In my occupation as coach, I have numerous opportunities to assist clients facing life and work transitions: career shifts, loss of employment, restructuring, or retirement, among others.

Aside from the economic challenge posed by these changes, they face the painful process of losing the core of their identity.  Overnight, they cease being the CEO, CFO, Vice President, General Manager, etc. and shortly after, they find out that notwithstanding the many years of being reflexively recognized as such, they have lost their prestigious position and with it, their identity.

As with all losses, it is very hard to let go of the attachment, in this case, to their “persona”.  Despite its high demands in time and effort, the status quo has also brought a sense of value, security, and status.

How many times have we heard the phrase “you are not what you do?”  And yet, it is hard to accept that premise in the world we live in, where success and productivity are glorified.  Here, we are defined by what we do. And that’s because of our excessive dedication to do more, produce more, and be more.  In the task, we lose track of our lives and sense of self.

Most successful people love their work; I do too.  We all acknowledge that there is a tempting mix of pleasurable feelings when we are seduced by the potential of success. For some, this behavior is so pronounced that they find it difficult to savor moments of pleasure and leisure, without subconsciously experiencing guilt.  The need to be connected to work 24/7 allows us to justify conduct that was not deemed normal a few years ago, such as dedicating hours to work when on a family vacation or having a conference call while attending a dinner party.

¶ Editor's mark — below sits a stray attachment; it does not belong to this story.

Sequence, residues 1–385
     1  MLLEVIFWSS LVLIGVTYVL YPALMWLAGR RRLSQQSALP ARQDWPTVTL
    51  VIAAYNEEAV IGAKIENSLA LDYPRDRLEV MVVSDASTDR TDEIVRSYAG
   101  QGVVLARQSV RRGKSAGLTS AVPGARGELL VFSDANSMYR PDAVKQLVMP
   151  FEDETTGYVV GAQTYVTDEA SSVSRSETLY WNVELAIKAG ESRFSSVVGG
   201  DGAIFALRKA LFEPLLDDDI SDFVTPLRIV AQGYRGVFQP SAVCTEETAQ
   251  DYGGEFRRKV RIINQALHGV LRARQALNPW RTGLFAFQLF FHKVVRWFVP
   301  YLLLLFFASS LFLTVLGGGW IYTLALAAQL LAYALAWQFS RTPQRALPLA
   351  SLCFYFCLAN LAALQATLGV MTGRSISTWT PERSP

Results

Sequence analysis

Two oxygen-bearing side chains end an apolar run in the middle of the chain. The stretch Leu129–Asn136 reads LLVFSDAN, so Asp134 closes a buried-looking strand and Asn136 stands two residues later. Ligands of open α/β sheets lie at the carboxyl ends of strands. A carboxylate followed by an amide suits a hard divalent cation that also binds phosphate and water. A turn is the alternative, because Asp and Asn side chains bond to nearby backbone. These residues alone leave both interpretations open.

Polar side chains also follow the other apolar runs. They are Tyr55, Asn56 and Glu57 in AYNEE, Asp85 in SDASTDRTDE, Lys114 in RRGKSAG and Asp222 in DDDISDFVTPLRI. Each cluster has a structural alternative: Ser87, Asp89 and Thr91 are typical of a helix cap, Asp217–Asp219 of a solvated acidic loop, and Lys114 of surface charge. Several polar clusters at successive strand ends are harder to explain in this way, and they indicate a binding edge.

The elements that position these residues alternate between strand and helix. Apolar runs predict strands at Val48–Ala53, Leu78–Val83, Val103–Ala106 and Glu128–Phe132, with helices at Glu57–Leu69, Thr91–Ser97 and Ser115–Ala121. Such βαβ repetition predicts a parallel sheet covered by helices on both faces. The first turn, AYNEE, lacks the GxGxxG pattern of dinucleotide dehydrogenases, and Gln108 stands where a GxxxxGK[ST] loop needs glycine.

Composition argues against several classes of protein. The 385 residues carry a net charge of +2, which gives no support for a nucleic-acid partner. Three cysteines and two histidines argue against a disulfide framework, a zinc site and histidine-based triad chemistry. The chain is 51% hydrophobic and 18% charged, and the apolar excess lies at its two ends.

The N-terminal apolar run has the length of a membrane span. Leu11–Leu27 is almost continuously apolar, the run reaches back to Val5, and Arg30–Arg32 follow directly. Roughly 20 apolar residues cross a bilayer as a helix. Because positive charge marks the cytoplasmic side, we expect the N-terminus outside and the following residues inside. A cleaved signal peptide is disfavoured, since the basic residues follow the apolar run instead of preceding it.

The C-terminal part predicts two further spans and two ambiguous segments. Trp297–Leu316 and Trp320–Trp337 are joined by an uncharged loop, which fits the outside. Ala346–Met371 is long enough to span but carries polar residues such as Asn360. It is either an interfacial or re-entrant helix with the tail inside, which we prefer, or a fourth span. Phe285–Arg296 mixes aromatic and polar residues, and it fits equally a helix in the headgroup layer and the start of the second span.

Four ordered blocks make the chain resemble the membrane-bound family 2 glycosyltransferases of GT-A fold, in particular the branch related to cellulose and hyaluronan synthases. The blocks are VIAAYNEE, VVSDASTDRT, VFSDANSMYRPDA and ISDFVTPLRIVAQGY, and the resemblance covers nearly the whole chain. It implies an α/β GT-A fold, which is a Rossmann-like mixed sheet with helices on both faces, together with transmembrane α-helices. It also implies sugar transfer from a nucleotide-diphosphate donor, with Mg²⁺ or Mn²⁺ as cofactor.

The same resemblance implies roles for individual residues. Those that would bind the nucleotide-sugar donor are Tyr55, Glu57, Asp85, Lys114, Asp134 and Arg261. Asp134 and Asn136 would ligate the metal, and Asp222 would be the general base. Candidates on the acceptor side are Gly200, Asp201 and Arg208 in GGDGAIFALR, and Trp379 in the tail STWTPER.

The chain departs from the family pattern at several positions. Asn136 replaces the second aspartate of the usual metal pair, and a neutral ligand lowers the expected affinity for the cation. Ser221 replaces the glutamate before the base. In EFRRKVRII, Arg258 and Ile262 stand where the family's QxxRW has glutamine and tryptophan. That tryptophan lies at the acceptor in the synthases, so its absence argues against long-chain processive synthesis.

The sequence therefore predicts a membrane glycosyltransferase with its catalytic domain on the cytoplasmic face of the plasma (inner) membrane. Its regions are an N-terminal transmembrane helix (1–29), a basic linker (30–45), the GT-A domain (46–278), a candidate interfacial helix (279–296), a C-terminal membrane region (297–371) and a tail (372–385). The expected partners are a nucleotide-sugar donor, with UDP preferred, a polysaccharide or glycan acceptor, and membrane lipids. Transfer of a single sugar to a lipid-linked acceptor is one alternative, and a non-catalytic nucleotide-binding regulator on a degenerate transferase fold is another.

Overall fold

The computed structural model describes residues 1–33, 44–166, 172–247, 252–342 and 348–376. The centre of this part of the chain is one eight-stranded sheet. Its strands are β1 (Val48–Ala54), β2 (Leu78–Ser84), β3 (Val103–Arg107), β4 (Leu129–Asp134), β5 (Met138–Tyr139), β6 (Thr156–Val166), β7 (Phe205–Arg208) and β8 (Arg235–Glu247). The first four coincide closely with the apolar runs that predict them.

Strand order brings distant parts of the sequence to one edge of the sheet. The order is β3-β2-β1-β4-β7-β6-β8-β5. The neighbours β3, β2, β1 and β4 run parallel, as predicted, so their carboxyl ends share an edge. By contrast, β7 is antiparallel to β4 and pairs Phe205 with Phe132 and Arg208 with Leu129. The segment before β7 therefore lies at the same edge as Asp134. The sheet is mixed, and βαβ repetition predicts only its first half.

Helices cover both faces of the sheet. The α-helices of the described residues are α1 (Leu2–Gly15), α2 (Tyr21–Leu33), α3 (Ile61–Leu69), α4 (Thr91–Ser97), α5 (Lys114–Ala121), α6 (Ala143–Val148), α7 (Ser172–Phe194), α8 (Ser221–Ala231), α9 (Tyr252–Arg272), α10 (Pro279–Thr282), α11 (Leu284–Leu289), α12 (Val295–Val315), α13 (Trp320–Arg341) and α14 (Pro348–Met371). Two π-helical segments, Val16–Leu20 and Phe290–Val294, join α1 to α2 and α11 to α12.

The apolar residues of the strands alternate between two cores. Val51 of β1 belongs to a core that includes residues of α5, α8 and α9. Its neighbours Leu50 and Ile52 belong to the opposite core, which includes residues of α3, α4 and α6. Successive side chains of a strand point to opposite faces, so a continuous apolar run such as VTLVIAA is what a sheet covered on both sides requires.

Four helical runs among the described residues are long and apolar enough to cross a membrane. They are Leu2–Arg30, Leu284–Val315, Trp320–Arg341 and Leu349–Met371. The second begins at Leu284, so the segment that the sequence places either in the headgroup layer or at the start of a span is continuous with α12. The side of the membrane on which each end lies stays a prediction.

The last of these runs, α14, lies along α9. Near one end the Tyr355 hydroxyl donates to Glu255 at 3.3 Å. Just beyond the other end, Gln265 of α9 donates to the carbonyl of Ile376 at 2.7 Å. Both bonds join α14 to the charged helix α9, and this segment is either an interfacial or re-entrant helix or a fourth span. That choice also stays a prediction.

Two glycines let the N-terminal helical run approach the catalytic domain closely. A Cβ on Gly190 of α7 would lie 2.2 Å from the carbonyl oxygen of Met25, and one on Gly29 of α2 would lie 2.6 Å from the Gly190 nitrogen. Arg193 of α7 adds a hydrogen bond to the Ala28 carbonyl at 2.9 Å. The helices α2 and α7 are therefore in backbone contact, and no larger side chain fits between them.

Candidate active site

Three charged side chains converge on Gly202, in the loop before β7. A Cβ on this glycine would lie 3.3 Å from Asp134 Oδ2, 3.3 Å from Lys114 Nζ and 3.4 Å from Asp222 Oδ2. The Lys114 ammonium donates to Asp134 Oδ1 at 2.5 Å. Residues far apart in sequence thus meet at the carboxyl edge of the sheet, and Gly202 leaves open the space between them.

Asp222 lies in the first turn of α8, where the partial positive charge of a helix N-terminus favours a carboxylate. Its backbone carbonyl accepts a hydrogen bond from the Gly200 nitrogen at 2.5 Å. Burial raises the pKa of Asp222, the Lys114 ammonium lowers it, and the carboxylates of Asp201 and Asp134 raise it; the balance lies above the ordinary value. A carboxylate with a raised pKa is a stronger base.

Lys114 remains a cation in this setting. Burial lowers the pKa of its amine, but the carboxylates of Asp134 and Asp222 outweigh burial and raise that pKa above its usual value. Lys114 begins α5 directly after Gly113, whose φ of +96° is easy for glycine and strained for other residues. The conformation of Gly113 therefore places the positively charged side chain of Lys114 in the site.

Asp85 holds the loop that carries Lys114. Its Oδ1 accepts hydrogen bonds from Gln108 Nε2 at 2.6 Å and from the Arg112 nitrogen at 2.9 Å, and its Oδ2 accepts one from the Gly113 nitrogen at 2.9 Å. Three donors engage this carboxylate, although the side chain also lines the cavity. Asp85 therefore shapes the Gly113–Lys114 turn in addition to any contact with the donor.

When some lose their job, they try to reconnect as soon as possible with a position that will offer them a similar or better identity.  Often, they accept positions for the uncertainty they avoid more than for the fit they have with their interests. Faking or maintaining an identity that is not aligned with their values, is not only hard, sooner than later it will look phony.

Others willfully or otherwise need to forge a new identity for themselves and engage in a long and arduous process that requires courage and determination. Living without the suit that fit us so comfortably is a painful act.

And then comes the question, “What is my new identity? How could I define myself now?”  Probably the right question to ask ought to be “What is my real identity?”

It will start emerging when you start examining with an open heart and soul your other human dimensions that are not part of your professional facet: What are the things that bring you joy?  What do you enjoy doing and sharing?  What are your passions?  Where do you focus your energy?  And so on… It’s a process of discovering, understanding and connecting with your authentic self.

What would happen if the search for our true identity were a continual quest in our lives and not limited to extreme cases where we seek for it in a state of fear and discouragement?

Let us contemplate how we can start reevaluating the importance of the identity that our work provides us.  Rather than placing our career at the center of our lives, we should accord it the right place and space among all the other matters that are meaningful to us.

Wrapping our identity only with what we do will leave us empty-handed when our job ends or our profession comes to a halt.